Sudan Approves Peacekeeping Plan

Sudan has accepted a United Nations-African Union peacekeeping force. As many as 23,000 troops and police will be deployed in Darfur. But some U.N. diplomats fear conditions may be attached.

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ALEX COHEN, host:

And now to the United Nations, where today the U.N.'s chief of peacekeeping is talking about Darfur, Sudan.

War has dragged on there and now for four years. The U.N. has been trying to send peacekeepers to Darfur to protect the millions who've been displaced by the fighting. Yesterday Sudan gave the U.N. the green light to work with the African Union to set up what they're calling a hybrid force of nearly 20,000 troops.

NPR's Michele Kelemen reports.

MICHELE KELEMEN: It was not so long ago that Sudan's president, Omar al-Bashir, blasted the idea of having U.N. troops in Darfur, saying they would be viewed as neo-colonialist. He had been insisting that the U.N. simply support African Union monitors already on the ground.

But yesterday his government agreed to a detailed plan by the African Union and the U.N. to have a joint force of about 23,000 troops and police with Africans in the lead. U.S. State Department spokesman John McCormack is still sounding wary, given Bashir's record of backtracking on promises.

Mr. SEAN McCORMACK (U.S. State Department Spokesman): President Bashir has made promises before about accepting a A.U./U.N. hybrid force. But there's always the fine print. And in this case the fine print seems to be that the force should be limited to African troops.

KELEMEN: McCormack says there simply aren't enough well-trained African peacekeepers to do the job of protecting civilians crowded in camps. At the U.N., spokeswoman Michele Montas made clear the U.N. will try to fill the ranks with African troops but won't be limited by this.

Ms. MICHELE MONTAS (United Nations): If we can get enough African troops, it would be essentially African troops. It's just a question of availability of troops, which is really the issue.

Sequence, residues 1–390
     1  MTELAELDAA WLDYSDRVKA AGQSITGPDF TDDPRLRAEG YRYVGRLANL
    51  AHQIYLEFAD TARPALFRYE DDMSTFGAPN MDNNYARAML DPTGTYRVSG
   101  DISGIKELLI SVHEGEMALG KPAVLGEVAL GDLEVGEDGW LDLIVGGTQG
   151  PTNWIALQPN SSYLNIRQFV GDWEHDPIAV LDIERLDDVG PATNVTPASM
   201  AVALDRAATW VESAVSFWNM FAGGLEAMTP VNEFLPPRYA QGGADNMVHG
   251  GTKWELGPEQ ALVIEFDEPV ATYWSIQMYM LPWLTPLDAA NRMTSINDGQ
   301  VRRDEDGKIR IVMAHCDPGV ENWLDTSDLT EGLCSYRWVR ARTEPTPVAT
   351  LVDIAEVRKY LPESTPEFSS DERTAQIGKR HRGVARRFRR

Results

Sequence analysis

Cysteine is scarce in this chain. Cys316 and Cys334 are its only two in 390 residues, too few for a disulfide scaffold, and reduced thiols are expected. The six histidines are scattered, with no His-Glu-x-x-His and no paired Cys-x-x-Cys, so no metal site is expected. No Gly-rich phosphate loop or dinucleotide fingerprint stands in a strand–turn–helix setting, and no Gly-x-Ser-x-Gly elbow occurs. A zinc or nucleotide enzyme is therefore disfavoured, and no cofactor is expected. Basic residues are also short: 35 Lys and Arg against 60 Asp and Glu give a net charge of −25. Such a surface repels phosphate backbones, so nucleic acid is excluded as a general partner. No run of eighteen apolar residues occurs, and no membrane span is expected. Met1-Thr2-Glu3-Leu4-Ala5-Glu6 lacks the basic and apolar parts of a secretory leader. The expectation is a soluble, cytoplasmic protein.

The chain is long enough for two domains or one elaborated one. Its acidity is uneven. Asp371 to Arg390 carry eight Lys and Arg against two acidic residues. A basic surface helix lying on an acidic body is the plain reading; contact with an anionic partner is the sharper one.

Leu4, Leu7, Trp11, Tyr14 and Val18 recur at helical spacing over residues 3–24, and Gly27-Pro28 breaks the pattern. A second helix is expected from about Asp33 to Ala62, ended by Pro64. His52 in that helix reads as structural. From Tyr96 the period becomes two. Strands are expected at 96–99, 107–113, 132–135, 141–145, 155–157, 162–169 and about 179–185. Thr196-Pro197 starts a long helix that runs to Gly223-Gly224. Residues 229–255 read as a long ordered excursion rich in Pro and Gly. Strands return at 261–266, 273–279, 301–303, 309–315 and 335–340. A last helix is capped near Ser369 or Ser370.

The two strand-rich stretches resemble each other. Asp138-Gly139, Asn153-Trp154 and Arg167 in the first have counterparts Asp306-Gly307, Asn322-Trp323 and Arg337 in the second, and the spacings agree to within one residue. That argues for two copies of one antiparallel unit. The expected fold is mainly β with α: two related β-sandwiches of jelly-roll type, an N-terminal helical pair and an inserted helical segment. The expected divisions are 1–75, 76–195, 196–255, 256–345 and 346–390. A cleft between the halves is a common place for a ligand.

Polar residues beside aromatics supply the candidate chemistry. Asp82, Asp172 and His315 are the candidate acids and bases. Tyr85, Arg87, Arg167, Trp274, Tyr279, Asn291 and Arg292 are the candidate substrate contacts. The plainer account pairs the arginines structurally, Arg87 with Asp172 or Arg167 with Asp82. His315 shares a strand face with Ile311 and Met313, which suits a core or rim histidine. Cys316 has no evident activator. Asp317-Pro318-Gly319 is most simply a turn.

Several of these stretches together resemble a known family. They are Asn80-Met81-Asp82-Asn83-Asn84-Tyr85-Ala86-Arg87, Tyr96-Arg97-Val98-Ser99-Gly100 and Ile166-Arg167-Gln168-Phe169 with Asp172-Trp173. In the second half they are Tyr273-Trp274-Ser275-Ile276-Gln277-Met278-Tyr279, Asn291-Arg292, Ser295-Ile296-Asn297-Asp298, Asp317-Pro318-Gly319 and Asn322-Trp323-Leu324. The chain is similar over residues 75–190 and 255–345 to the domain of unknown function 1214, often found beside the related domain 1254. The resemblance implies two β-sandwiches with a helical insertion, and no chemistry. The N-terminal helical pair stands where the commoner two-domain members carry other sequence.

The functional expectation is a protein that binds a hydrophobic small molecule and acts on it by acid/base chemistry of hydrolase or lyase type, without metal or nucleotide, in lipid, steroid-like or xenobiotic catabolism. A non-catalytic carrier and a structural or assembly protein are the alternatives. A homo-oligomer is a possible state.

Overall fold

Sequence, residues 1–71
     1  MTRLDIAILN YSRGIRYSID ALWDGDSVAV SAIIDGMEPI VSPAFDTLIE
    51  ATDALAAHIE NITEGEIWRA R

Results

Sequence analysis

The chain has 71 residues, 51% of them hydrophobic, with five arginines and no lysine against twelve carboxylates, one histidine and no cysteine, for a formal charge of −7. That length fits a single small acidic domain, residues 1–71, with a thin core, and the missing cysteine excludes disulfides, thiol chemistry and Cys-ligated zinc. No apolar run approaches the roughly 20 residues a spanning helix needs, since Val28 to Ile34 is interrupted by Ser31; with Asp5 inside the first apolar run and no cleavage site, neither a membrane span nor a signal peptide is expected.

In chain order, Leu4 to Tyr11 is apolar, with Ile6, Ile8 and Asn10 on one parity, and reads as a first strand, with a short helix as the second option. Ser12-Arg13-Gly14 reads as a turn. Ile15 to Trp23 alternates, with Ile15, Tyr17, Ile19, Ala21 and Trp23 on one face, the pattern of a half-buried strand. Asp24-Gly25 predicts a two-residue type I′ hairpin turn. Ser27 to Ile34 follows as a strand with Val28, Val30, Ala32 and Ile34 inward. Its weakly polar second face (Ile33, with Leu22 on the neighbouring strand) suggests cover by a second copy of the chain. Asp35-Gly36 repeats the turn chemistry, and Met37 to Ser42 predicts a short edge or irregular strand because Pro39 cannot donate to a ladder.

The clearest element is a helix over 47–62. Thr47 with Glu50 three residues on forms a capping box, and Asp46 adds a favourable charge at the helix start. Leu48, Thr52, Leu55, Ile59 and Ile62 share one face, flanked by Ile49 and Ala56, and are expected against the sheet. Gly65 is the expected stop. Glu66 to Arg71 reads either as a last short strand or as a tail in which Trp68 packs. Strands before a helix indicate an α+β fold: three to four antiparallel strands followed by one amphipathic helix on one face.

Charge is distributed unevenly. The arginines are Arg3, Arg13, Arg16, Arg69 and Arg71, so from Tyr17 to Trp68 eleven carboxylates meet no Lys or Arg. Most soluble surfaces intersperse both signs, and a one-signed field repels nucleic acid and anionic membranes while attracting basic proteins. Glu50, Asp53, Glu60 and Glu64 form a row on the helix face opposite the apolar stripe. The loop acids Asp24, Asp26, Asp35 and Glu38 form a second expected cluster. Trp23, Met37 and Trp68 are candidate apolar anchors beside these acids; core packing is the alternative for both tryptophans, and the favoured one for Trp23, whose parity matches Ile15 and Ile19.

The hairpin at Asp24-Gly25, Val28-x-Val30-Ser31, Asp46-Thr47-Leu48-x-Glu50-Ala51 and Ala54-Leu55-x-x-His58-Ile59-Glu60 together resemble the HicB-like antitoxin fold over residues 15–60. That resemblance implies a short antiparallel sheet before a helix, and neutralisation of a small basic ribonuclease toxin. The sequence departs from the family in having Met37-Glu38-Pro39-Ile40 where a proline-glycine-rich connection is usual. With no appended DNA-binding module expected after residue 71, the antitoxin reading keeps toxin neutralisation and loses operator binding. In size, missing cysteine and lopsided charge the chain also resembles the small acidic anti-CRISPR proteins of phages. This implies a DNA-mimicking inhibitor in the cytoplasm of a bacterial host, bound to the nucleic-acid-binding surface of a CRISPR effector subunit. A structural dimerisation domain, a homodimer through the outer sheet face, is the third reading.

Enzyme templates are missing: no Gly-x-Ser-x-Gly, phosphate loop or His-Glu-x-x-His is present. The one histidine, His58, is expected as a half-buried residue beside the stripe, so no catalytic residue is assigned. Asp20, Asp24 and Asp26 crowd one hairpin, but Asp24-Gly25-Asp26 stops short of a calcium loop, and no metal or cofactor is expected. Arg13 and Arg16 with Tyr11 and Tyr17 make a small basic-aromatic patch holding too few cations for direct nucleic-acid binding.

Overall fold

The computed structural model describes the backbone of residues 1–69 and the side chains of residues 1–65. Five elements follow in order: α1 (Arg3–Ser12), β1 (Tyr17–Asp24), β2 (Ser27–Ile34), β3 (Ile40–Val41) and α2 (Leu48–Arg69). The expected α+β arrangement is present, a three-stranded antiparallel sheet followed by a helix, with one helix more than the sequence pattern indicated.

KELEMEN: There are some other differences that were glossed over in the deal reached in Addis Ababa yesterday. That's according to Alex de Waal, co-author of "Darfur: A Short History of a Long War."

Mr. ALEX DE WAAL, (Social Science Research Council): There is now agreement on any expedited, accelerated deployment of troops over the next few weeks, getting boots on the ground right now, so there won't be, I think, disappointment among Darfurians about the speed at which these commitments are translated into reality.

KELEMEN: De Waal, who's with the Social Science Research Council in New York, says there could be some confusion too about how the A.U. and U.N. will do this operation jointly. This is a first for the U.N.

He's also worried that international diplomats have spent most of their energy on this issue, the makeup of a protection force, and not enough energy getting a workable ceasefire and peace agreement in place. Without a peace agreement, Duvall says, there is not much outside troops can do.

Mr. DE WAAL: They can provide some protection to civilians in displaced camps and some protection to humanitarian workers, but the overall job of ending the bloodshed, the suffering, the displacement in Darfur can only come about through a negotiated peace agreement.

KELEMEN: The U.N Security Council is taking a trip to Africa starting this weekend and will stop in Khartoum. De Waal believes one reason Bashir has been so outspoken on this issue of peacekeepers is that he doesn't trust U.S. motives.

Mr. DE WAAL: He fears that lurking behind the stated agenda of peace and protection is an agenda of regime change, of using military force to change the nature of the government, maybe remove him from power. And his theory is once the camel got its nose in the tent in the form of U.N troops, then the rest of it would follow.

KELEMEN: The U.S. won't be sending peacekeepers to Darfur though. The State Department says it will use its diplomatic muscle and help fund the effort to make the U.N. African Union force a reality.

Michele Kelemen, NPR News, Washington.

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